exanthema


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Related to exanthema: exanthema subitum

exanthem

 [eg-zan´them]
1. a skin eruption or rash.
2. a disease in which skin eruptions or rashes are a prominent manifestation.
exanthem su´bitum roseola infantum.
Miller-Keane Encyclopedia and Dictionary of Medicine, Nursing, and Allied Health, Seventh Edition. © 2003 by Saunders, an imprint of Elsevier, Inc. All rights reserved.

ex·an·the·ma

(ek'zan-thē'mă), Avoid the mispronunciation exan'thema.
A skin eruption occurring as a symptom of an acute viral or coccal disease, as in scarlet fever or measles.
Synonym(s): exanthem
[G. efflorescence, an eruption, fr. anthos, flower]
Farlex Partner Medical Dictionary © Farlex 2012

exanthema

(ĕg′zăn-thē′mə) also

exanthem

(ĭg-zăn′thəm)
n. pl. exan·themata (-thĕm′ə-tə) or exan·themas also exan·thems
1. A skin eruption accompanying certain infectious diseases.
2. A disease, such as measles or scarlet fever, accompanied by a skin eruption.

ex·an′the·mat′ic (ĭg-zăn′thə-măt′ĭk), ex′an·them′a·tous (ĕg′zăn-thĕm′ə-təs) adj.
The American Heritage® Medical Dictionary Copyright © 2007, 2004 by Houghton Mifflin Company. Published by Houghton Mifflin Company. All rights reserved.

ex·an·the·ma

(eg-zanthĕ-mă)
A skin eruption occurring as a symptom of an acute viral or coccal disease, as in scarlet fever or measles.
Compare: enanthem, enanthema
Synonym(s): exanthem.
[G. efflorescence, an eruption, fr. anthos, flower]
Medical Dictionary for the Health Professions and Nursing © Farlex 2012

ex·an·the·ma

(eg-zanthĕ-mă)
Skin eruption occurring as a symptom of an acute viral or coccal disease.
[G. efflorescence, an eruption, fr. anthos, flower]
Medical Dictionary for the Dental Professions © Farlex 2012

Patient discussion about exanthema

Q. What is the cause of my head rash? I have a rash on my head. It is red and itchy, what could it be from?

A. A head rash can be caused from lots of different things. I found a website that helps you diagnose it with charts:
http://familydoctor.org/online/famdocen/home/tools/symptom/545.html

Q. What do I do with this horrible Diaper Rash?? I have no idea what is up with my daughters diaper rash, she is a year old and I do everything to keep this rash from coming, but it comes back! All week I have let her run without a diaper on trying to let it air out as much as possible, (thank god for carpet shampooers).Is there any secret that someone has to getting rid of this rash?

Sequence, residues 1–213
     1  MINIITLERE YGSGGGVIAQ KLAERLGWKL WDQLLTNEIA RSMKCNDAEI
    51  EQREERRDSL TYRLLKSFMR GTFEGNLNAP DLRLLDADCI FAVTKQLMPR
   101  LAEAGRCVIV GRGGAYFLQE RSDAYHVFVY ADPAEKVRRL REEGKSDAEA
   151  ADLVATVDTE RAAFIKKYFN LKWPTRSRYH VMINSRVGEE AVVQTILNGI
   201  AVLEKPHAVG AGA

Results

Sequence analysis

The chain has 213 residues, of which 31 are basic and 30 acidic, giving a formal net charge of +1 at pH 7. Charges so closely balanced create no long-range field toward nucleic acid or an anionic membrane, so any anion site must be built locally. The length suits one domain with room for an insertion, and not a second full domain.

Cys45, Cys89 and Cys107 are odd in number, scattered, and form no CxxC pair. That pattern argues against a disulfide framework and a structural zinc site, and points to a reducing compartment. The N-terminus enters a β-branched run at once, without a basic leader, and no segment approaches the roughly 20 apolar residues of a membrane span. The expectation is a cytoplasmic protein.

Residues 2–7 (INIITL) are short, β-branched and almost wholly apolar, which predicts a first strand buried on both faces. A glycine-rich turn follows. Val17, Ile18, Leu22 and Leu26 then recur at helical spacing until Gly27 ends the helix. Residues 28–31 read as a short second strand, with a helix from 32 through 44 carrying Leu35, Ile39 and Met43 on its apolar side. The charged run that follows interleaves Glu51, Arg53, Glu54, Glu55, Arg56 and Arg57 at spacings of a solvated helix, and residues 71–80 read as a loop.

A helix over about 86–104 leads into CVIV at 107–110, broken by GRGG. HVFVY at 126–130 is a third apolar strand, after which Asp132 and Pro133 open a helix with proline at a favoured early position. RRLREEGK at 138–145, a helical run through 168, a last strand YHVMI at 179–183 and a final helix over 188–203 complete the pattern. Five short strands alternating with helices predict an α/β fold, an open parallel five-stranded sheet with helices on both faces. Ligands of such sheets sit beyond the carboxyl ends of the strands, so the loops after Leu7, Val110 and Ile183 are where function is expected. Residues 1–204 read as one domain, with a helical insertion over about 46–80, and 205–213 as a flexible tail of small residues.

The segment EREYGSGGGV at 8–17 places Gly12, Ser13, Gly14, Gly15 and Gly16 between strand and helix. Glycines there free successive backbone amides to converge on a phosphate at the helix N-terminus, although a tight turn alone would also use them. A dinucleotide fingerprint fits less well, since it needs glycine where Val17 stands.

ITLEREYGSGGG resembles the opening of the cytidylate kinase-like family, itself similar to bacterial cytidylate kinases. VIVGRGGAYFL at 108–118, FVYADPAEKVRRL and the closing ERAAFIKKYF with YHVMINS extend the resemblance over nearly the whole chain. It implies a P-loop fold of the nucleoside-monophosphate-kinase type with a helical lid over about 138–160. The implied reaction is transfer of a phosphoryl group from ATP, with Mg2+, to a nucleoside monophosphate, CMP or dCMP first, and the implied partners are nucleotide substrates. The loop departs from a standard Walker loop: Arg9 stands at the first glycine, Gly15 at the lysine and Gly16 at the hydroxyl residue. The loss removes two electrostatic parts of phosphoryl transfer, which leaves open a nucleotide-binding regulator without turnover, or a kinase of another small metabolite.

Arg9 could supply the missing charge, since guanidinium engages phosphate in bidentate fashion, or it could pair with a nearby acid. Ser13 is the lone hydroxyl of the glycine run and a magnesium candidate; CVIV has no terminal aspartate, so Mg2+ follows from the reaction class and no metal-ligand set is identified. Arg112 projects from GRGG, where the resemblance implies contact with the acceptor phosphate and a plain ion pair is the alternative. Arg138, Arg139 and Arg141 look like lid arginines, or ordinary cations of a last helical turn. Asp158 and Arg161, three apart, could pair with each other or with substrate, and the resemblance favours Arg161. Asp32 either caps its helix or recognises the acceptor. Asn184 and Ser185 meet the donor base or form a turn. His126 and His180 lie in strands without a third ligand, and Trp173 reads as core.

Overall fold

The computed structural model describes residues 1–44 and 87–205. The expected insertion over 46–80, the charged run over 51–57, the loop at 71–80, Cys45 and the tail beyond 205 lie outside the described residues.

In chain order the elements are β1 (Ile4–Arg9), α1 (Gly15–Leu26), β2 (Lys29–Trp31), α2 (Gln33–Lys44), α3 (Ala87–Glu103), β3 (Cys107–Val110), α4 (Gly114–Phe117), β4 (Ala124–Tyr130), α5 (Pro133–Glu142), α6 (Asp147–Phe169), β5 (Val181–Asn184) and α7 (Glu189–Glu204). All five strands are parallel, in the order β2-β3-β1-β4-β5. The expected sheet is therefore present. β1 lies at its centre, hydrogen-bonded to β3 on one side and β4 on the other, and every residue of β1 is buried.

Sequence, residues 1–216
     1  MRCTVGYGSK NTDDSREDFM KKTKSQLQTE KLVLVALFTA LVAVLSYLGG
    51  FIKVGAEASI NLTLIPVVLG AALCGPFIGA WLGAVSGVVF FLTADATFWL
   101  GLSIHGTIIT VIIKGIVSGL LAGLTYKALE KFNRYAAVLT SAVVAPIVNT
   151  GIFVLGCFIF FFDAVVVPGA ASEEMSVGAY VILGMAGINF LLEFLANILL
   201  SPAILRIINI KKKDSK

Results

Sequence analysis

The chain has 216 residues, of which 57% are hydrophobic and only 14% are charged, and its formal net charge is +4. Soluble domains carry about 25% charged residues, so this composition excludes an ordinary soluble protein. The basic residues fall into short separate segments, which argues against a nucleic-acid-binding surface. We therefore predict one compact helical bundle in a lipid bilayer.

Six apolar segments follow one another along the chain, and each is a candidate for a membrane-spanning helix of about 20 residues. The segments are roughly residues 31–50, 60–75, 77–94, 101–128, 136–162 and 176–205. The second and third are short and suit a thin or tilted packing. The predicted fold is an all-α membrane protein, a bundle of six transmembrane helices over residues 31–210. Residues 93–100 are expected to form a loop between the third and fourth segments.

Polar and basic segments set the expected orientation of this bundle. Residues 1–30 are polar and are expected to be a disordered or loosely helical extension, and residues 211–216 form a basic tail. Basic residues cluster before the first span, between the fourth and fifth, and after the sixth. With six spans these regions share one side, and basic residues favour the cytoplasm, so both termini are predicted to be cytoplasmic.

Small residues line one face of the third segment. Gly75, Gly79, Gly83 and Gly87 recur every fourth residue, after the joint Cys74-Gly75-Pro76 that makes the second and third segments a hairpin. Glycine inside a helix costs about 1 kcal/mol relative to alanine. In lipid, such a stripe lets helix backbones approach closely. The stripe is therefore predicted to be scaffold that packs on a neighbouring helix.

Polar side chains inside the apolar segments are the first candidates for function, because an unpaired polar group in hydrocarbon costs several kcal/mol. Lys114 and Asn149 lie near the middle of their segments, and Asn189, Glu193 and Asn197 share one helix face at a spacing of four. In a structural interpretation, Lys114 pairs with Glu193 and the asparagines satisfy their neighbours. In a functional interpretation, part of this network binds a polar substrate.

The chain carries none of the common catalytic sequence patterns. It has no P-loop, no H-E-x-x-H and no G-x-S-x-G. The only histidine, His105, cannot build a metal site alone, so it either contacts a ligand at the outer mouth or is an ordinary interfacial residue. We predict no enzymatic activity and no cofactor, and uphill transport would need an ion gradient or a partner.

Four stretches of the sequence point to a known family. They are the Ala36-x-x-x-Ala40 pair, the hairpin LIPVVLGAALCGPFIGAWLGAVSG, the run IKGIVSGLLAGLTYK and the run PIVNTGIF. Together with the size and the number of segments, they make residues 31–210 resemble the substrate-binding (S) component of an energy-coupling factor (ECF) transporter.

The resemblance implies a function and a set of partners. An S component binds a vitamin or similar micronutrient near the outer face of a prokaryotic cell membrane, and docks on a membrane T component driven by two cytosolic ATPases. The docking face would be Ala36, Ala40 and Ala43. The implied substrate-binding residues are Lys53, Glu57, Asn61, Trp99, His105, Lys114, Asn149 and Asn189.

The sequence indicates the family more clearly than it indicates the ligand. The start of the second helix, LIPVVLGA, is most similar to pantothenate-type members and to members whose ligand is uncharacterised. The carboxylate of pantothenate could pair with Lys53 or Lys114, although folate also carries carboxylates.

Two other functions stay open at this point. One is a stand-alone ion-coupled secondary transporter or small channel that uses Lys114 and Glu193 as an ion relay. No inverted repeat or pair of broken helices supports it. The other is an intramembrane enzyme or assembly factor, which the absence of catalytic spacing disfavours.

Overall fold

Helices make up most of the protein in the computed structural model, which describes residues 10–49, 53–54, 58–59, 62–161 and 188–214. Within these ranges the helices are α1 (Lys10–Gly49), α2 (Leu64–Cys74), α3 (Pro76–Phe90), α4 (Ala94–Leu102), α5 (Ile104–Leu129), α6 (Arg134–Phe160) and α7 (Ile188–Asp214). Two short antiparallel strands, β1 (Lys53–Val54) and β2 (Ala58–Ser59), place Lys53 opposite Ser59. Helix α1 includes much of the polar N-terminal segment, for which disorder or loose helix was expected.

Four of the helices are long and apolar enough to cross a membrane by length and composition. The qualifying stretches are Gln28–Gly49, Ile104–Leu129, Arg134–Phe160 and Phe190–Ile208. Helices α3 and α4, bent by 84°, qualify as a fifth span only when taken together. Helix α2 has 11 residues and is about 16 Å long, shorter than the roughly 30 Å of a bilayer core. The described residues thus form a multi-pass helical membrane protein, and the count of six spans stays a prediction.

A. My own daughter was yeasty from whatever they do to newborns in the hospital and I battled it ever day until I started taking garlic gel tabs. Because I breasfed her she got all the benefits of it and her bottom cleared right up.
Probiotics can help, yogurt, kefir and the like. Super Salve from supersalve.com is amazing in its healing abilities. Avoid processed foods and especially sugars.

Q. Doyou know if the Plant Yarrow give a RASH?

A. ThanksTerrany and Henry for your answers. I do need more information concerning skin contact with Yarrow.MRaye

More discussions about exanthema
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References in periodicals archive ?
Cutaneous ADR occurred in 6.2% women, including pruritus (3; 1.7%) and exanthema (8; 4.5%), representing an incidence of 16.2 episodes per 1000 person-months.
* Report of the first two cases of exanthema secondary to HPV vaccination.
Imatinib causes exanthema and edema in a dose-dependent fashion in 17%-67% of patients.
Dapsone hypersensitivity syndrome masquerading as a viral exanthema: three cases and a mini-review.
[1] The characteristic clinical features are exudative pharyngitis, fever and bright red exanthema. Otitis media, pneumonia, septicaemia, osteomyelitis, rheumatic fever and acute glomerulonephritis are the common complications associated with scarlet fever.
For those of you who may not be up to date on your viral infections, HHV-6 comes in two genetic variants, HHV-6A and HHV-6B, with 6B being the causative agent of exanthema subitum (more commonly known as roseola).
Based on European Registry of Severe Cutaneous Adverse Reactions (RegiSCAR) study group, scoring of more than or equal to four (hospitalization, acute onset exanthema with fever, involvement of at least one internal organ), the patient was diagnosed to have DRESS syndrome.
EM is an acute, self-limiting, occasionally recurring skin condition that is generally associated with infections including herpes simplex and mycoplasma pneumonia, and with the use of medications such as penicillins and sulfonamides.3 Because KD patients frequently have a previous history of antibiotic prescription, due to high-grade fever and elevated acute-phase reactant levels, EM can be misdiagnosed as drug eruption, viral exanthema, or infectious rash.
The presenting features of exanthema of the skin and enanthema in the oral cavity are reported for the first time from a nonendemic region in an immunocompetent individual.
Urticarial exanthema and CRP > 10 mg/dl were identified for risk factors for coronary aneurysms which were present in our patient [4].
Drug eruptions observed Number Percentage (%) Maculopapular exanthema 15 36.6 Probable drug eruption 17 41.4 Fixed pigmented erythema 3 7.3 Acute urticaria 2 4.9 Multiform erythema 2 4.9 Toxic epidermal necrolysis 1 2.4 DRESS syndrome 1 2.4 Total 41 100 Table 2: Drugs suspected depending on the nature of the drug eruption.
On admission to hospital, symmetrically distributed, confluent livid-erythematous exanthema was seen on the trunk and face, with multiple flaccid blisters of amber-colored content.